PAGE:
Perhaps the best challenge to the hysterical claims that humans are causing unusual climate change is the demonstration that "exceptional" weather events can be predicted in advance based on their natural occurrence in history.

One person who has admirably met this challenge with consistent, convincing demonstrations is meteorologist and forecaster extraordinaire Joe Bastardi.  Bastardi – formerly of AccuWeather, now with WeatherBELL Analytics – is the best weather forecaster I have ever met.  And I've been in the atmospheric science profession for 40 years.

I first ran into Bastardi in the mid-'70s at Penn State University, one of the leading meteorology schools in the country.  We were both meteorology undergrads.  I graduated in 1976, while he graduated a couple of years later.

Even in college, Bastardi was able to beat everyone, including the professors, at forecasting significant events.  As a professional, he's still at it.

In his just released book, The Climate Chronicles: Inconvenient Revelations You Won't Hear from Al Gore – and Others, Bastardi relays what he calls "a love story": a story of his lifelong love of weather.  This important book is his effort devoted to restoring perspective, cordiality, and humility to climate science.

Bastardi demonstrates with example after example how the "exceptional" weather claimed by intrepid climate doomsayers is really just weather.  He shows how understanding of weather events from the distant past (i.e., historic analogs) leads to accurate forecasts of the imminent future.  And if such events can be forecast from their previous occurrence, doesn't that call into question the claim that these events are somehow unusual and now based on human activity?  Couple the understanding of past conditions with the cyclical nature of climate, and you have the key ingredients for a reliable forecast.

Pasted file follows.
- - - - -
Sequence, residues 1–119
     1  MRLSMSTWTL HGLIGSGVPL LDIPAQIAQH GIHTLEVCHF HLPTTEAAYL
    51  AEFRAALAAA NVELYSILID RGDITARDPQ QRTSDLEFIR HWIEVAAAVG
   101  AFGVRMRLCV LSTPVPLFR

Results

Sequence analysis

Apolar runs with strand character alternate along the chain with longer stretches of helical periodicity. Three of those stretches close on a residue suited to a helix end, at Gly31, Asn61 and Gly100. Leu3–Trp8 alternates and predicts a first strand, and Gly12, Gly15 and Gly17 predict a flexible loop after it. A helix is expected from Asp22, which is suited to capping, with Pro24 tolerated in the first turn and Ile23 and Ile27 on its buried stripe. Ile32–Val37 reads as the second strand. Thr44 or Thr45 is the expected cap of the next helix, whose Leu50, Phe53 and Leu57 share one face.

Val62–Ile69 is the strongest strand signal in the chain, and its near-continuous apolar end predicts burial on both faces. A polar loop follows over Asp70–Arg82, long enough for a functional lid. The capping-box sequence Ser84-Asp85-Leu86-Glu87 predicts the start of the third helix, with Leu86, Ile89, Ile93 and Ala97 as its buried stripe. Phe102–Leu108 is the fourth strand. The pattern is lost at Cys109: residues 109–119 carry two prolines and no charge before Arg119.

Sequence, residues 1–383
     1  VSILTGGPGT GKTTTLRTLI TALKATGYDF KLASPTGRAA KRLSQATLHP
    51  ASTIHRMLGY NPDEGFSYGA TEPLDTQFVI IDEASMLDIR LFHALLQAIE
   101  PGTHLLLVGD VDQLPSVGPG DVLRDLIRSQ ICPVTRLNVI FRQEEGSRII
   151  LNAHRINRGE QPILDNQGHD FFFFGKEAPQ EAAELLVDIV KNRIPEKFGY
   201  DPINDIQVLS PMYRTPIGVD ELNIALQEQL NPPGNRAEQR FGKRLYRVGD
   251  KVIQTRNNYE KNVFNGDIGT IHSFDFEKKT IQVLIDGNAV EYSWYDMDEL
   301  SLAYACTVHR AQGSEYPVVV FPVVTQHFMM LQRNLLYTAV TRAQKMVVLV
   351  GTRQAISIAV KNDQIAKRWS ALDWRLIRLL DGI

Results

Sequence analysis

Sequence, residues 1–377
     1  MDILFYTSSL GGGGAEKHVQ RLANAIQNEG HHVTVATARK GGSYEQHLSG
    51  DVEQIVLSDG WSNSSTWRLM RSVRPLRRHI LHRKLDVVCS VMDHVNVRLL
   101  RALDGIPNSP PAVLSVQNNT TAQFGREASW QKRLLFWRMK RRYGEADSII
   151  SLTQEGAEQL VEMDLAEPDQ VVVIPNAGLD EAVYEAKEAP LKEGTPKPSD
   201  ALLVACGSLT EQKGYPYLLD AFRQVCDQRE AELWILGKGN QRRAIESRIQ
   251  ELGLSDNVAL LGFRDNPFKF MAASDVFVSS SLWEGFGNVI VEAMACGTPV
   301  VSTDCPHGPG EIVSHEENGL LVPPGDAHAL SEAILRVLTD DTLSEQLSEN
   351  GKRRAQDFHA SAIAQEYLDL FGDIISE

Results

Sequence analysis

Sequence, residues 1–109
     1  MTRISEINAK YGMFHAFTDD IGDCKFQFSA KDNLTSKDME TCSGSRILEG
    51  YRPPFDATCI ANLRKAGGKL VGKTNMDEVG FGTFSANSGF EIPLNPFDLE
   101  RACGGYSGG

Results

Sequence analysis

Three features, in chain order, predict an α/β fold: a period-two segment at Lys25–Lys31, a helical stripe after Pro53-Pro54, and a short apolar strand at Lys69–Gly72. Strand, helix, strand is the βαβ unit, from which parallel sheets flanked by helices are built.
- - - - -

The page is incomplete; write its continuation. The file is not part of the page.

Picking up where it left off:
Bastardi's forecasts have to be reliable.  His living depends on him being right, day after day, week after week.  He is not in the fortunate business of prognosticating decades ahead, when validating a forecast is well beyond your last career paycheck.

Bastardi consistently points out the natural, predictable regulation of the climate by the changes occurring in such events, as happens recurrently in the Pacific and Atlantic Oceans – changes known by forecasters for decades as the Pacific Decadal Oscillation and the Atlantic Multi-Decadal Oscillation.  He also notes the strong influence on climate of the quite familiar, cyclical El Niño event.  As far as the dubious claims of outsized control that carbon dioxide has on the climate, Bastardi correctly asserts that "the sun, ocean cycles and stochastic events play a much more significant role."

There's a lot of exceptional weather wisdom in The Climate Chronicles for readers to gain a greater appreciation for the complexity and majesty of the climate – an appreciation Joe delivers in an accessible, colloquial style.

Anthony J. Sadar is a certified consulting meteorologist and author of In Global Warming We Trust: Too Big to Fail (Stairway Press, 2016).